Meet Jen: Doctor in Forensic Pathology, former cheerleader for two NBA teams

Jennifer Cleveland Cavaliers Detroit Pistons Science Cheerleader at WorkPleased to introduce you to our latest Science Cheerleader, Jen, a doctor in Forensic Pathology who used to cheer for two NBA teams (Cleveland Cavaliers and Detroit Pistons) and one AFL team (Columbus Destroyers).

SciCheer: Jen, what turned you on to science and when?

Jen: I come from a science-related family. My father is a PhD biochemical researcher and my mother is a medical technologist. My older brother was a chemistry major in college and now works doing quality analysis in the beer industry. My parents would sometimes take me to work when I was little and I would entertain myself by playing with things that were laying around the lab. I always thought I would be a veterinarian ‘when I grew up’ but then realized I was allergic to most animals; so then I decided medical school was the next best thing. I wanted to work in a field that would constantly be challenging, stimulating and engaging, and one that would have endless possibilities. Thankfully, my allergy to animal dander has responded to medication allowing me to have pets!

SciCheer: What is your degree in and from where?
Jen: I received by BA in Chemistry and Zoology from Miami University of Ohio in 1998 – I was only in college for 3 years because I had tested out of a lot of college credits from advanced placement courses in high school. I entered medical school at the Medical College of Ohio (now the University of Toledo School of Medicine) in 2000 and graduated with my MD in 2004. From there, I entered a pathology residency and as much as I tried to stay away from it, I realized my interest was specifically in the area of autopsies and Forensic Pathology.

SciCheer: Favorite and/or least favorite courses you took to prepare for your degree?

Jen: I was a complete geek that loved Organic Chemistry – I think for me it’s the ability to work things out spatially and visually. Least favorite course ironically was probably Biochemistry because I have a hard time wrapping my head around concepts that can’t be seen or touched.

SciCheer: When did you cheer for Cleveland and Detroit?
Jen: I was a member of the Cleveland Cavaliers dance team in 1998 and 2003 and danced with the Detroit Pistons Automotion from 2001-2003; I joined the AFL Columbus Destroyers Bombshells dance team for 2004-05.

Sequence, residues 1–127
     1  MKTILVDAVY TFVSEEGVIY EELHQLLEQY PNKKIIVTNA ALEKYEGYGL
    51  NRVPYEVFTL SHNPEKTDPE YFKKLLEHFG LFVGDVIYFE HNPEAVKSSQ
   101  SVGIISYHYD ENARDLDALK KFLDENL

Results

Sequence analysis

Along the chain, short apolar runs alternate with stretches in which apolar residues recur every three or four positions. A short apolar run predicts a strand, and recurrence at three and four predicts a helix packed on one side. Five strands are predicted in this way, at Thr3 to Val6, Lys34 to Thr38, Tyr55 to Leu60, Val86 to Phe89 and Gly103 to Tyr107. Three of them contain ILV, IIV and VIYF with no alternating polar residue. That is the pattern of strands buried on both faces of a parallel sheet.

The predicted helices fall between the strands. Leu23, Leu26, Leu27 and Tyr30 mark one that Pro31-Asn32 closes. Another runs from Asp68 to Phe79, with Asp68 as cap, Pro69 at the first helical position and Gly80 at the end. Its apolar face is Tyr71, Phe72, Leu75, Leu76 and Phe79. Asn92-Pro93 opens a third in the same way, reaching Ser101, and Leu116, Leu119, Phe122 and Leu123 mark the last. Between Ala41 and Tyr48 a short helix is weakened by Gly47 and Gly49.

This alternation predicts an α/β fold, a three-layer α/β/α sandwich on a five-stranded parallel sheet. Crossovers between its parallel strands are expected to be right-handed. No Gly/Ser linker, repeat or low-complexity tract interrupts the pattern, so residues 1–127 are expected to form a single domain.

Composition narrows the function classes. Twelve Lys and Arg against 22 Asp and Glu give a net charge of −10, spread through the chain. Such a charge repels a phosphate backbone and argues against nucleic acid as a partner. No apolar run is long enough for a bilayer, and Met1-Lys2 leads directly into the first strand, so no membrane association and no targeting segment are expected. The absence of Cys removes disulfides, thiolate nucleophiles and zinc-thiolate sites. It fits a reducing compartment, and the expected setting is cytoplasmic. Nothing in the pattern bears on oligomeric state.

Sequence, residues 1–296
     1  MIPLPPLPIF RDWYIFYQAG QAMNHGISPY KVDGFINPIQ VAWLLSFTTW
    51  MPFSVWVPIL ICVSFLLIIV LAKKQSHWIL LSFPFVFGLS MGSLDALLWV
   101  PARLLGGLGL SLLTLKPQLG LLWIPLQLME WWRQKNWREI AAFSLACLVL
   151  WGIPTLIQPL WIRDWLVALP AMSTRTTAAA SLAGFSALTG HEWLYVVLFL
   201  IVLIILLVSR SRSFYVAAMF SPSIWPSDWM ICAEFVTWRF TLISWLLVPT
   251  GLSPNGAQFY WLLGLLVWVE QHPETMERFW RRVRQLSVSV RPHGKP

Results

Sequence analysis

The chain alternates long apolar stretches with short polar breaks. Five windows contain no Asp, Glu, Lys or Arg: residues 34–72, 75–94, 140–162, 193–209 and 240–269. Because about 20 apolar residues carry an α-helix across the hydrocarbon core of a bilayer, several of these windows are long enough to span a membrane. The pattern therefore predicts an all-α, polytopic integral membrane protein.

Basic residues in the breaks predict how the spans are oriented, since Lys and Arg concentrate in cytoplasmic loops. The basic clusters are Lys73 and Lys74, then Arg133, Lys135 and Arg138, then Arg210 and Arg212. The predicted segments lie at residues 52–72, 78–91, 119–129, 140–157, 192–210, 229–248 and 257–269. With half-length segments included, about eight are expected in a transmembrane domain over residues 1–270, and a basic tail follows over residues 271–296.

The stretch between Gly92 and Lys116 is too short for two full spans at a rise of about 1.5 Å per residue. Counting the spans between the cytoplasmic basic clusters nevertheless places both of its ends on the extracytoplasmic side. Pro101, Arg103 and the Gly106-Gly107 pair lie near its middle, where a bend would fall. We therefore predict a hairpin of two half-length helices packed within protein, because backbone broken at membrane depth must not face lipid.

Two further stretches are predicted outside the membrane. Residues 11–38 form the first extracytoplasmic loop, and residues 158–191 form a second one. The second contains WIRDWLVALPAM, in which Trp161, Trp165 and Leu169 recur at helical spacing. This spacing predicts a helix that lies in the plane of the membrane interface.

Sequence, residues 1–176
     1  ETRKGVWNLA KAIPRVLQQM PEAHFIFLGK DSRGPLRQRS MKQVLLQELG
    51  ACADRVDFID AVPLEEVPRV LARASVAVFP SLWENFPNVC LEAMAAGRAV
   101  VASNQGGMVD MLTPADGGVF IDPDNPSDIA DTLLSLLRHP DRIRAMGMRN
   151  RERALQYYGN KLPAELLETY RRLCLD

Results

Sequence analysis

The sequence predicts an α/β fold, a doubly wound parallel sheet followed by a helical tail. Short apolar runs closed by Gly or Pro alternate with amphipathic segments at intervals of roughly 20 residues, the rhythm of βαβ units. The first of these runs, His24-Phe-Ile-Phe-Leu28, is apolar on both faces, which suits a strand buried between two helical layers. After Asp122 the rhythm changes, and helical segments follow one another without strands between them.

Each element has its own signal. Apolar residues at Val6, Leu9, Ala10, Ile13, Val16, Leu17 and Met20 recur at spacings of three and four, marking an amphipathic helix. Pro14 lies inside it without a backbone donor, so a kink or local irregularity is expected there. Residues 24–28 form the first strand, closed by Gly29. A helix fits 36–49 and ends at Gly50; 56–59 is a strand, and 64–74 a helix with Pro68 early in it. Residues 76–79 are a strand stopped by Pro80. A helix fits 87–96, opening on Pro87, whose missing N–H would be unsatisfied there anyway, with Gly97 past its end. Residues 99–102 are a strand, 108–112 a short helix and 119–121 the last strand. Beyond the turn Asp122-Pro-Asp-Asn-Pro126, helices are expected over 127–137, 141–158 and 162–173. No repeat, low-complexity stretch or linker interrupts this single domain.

SciCheer: Which came first? Your interest in science or cheerleading?
Jen: My interest in science was practically inborn. I didn’t start dance training until I was a little older (the ripe old age of 8), and continued dancing through high school and college. The reason I went out for a professional team was because I graduated college early and had time off before I entered medical school so I thought, “why not audition?” The rest is history!

SciCheer: Can you describe a typical day at work?
Jen: I perform autopsies on people who may have met an unnatural death (ie accident, homicide, suicide). I go into the office around 8 am, perform 1-2 (and maybe more depending on the day) autopsies in the morning, and catch up on paperwork, phone calls, etc in the afternoon. My job mainly involves performing autopsies but may also involve speaking with families, detectives, prosecutors, going through medical records, and attending crime scenes.

SciCheer: did you find that stereotypes about cheerleaders helped or hindered your studies or professional experiences?
Jen: I’ve definitely found it hard to navigate the cheerleader stereotype in my professional and academic lives. I’ve had teachers and bosses outright tell me I should stop my extracurricular activities. I think a lot of my coworkers have found it interesting that I was a professional cheerleader/dancer, yet it’s hard for them to reconcile. I’m not sure if they’re amused, interested or appalled and it’s likely a combination of all those factors. We don’t talk about it at work, I try to keep it low profile because I don’t want to give people the wrong impression.

SciCheer: Best cheerleading experience?
Jen: For a lot of people it’s the first game, but for me I think it was towards the end of the season when I was really comfortable with our gametime rules, comfortable with the routines and choreography and could really just enjoy my time out there on the court.

SciCheer:Best science-related experience?

Jen: Being qualified as an expert witness in court; I’ll always have that badge of honor 😮